james fitzpatrick

Dr James Fitzpatrick and a colleague at the Australasian Fetal Alcohol Spectrum Disorders Conference.

My experience of working with people living with Fetal Alcohol Spectrum Disorders (FASD) has been as a children's doctor in remote Aboriginal communities in Western Australia.

Back in 2008, I met a young child and his mother in a remote clinic. The 16 -month-old had not yet learned any words, nor had he the strength to stand. He was delayed in all areas of development. He had the classic facial features of Fetal Alcohol Syndrome – small eye openings, a thin upper lip and smooth area between the lip and nose. His mother had lived a terribly hard life with abuse and trauma her frequent companion.

During her pregnancy with this little boy she drank heavily. She told me that she drank because of her own pain, because drinking helped her to get by. And she drank in pregnancy because the people around her did, and she allowed herself to do it because she didn’t know that it could harm her baby. Her son now has permanent brain damage and damage to other organs as a well.

Since meeting this mother and her child, I have worked with committed community organisations and research partners to lead a clinical team in remote communities, helping to diagnose people with FASD, and to provide advice to teachers and families on how to help them to be the best they can be.

While the focus of my work is in Western Australia, FASD, the leading preventable cause of non-genetic intellectual disability in Australia, is really an issue for all Australians.

A commonly stated reason for women drinking in pregnancy includes having a partner who drinks. As men we can respect the period of pregnancy as the one shot at developing our child's brain before birth, a nine month opportunity where the vast majority of brain and body organ development happens.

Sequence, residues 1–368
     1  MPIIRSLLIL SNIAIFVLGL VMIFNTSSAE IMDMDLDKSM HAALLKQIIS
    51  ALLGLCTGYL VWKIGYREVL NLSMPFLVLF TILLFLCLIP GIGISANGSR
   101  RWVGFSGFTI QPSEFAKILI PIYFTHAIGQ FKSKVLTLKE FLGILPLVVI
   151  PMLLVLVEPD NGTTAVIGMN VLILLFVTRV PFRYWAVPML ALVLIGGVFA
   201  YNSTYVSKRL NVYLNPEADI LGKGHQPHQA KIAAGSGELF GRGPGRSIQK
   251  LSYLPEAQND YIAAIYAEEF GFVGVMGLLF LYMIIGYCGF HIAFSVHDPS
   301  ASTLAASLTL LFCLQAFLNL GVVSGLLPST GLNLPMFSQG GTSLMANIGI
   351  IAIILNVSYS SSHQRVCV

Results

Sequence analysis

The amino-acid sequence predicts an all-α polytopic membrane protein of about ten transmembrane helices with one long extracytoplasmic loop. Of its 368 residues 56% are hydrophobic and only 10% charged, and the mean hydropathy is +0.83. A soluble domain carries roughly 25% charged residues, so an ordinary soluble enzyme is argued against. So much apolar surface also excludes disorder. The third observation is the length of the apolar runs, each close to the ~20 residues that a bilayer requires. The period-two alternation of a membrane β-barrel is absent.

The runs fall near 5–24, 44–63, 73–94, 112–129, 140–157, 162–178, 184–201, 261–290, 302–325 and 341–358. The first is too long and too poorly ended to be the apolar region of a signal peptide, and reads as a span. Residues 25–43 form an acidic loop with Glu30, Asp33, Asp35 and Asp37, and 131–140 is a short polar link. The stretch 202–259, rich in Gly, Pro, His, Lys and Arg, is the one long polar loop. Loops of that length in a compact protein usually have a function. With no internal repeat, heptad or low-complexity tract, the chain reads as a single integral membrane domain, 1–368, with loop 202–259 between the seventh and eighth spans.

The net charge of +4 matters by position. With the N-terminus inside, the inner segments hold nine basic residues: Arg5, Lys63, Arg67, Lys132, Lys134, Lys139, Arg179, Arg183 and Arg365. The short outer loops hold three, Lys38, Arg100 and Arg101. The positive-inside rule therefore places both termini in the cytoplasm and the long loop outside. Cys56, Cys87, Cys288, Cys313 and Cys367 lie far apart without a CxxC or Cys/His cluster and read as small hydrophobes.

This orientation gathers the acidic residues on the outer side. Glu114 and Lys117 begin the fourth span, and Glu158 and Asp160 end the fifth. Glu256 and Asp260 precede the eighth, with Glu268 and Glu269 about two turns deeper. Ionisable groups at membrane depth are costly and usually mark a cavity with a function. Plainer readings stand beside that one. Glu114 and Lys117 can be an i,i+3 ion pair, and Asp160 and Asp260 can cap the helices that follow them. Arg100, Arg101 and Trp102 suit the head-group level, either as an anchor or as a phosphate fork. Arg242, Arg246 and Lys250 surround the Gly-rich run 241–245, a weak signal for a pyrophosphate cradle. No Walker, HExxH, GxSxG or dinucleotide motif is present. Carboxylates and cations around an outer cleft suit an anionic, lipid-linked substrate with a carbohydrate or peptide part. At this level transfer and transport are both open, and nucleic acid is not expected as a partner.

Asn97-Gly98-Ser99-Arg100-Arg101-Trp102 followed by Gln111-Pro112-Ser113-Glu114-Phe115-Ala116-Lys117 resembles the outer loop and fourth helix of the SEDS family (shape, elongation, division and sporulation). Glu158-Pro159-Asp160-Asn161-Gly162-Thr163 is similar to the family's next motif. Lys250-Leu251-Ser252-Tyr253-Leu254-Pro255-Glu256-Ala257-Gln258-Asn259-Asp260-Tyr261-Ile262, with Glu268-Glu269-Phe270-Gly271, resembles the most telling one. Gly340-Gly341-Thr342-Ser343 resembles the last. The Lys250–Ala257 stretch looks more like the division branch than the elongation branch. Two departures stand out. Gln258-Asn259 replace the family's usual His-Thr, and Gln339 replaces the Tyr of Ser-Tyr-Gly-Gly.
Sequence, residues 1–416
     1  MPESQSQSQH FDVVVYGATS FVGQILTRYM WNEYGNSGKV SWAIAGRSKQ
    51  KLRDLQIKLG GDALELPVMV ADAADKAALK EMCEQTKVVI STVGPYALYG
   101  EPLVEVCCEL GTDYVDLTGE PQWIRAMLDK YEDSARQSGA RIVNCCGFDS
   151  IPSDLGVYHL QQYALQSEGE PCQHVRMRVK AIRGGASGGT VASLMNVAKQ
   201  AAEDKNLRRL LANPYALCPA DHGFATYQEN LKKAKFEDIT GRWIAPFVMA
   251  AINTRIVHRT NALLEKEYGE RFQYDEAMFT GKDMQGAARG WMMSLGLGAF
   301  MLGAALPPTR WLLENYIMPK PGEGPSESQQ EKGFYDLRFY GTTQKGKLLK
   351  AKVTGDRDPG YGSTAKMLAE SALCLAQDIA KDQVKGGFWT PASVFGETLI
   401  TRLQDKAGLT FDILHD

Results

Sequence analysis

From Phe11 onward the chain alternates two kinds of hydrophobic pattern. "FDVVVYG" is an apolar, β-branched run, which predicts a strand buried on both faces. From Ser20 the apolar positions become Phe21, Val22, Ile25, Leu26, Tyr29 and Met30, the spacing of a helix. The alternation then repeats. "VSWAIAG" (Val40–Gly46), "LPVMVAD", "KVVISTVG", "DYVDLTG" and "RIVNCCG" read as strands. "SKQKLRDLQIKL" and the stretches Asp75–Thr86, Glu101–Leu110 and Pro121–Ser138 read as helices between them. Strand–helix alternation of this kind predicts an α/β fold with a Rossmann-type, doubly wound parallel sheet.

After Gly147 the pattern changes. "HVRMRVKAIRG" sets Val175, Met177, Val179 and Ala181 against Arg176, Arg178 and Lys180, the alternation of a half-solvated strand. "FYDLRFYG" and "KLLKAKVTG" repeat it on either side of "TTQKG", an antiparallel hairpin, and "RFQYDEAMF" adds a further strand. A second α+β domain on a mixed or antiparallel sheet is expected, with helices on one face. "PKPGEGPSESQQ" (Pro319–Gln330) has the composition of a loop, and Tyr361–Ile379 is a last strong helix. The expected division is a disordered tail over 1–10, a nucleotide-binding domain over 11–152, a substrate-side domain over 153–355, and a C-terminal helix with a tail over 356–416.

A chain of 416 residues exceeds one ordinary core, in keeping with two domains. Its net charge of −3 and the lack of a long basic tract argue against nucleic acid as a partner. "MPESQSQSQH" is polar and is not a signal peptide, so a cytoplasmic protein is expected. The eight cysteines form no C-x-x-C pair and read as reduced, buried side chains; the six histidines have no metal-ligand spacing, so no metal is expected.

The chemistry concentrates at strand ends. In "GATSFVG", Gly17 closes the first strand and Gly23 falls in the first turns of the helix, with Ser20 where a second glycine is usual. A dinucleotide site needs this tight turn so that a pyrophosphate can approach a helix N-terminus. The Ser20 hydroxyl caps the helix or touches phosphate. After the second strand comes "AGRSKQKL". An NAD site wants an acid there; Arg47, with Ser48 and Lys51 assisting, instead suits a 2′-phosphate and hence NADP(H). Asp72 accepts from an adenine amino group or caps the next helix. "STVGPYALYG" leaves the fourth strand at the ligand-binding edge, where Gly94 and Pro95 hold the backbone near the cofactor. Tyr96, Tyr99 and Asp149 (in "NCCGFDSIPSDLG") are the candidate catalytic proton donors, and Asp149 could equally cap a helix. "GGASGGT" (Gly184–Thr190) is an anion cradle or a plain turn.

In doing so, men need to ‘man-up’, and be part of the solution. Put simply, men need to do less to cause women to drink in pregnancy, and to support them in taking nine months off alcohol. The best way to do this is to have a break from drinking ourselves while our partner is pregnant.

I was reminded of this when last month I attended the Australasian Fetal Alcohol Spectrum Disorders Conference in Brisbane.

The Conference brought together people living with FASD, parents and carers, not-for-profit and government representatives, researchers and health professionals. It highlighted the importance of prevention and the need for better outcomes for those with FASD, their families, carers and communities.

Naturally, then, I’m honoured to be part of Pregnant Pause, an exciting campaign that is raising awareness of FASD, supporting women in not drinking during their pregnancy, and raising valuable funds for FASD research, prevention, and support.

The Pregnant Pause campaign message is a simple, yet powerful one.

We can respect our partners by supporting them lovingly through nature's most challenging emotional and physical time - pregnancy. And if we really want to man-up, let's take a break from drinking for nine months while our partner is pregnant. In doing so, we will be at our best, and allow our child be born at their best.

You can find more about the campaign, and Dr Fitzpatrick's work, at pregnantpause.com.au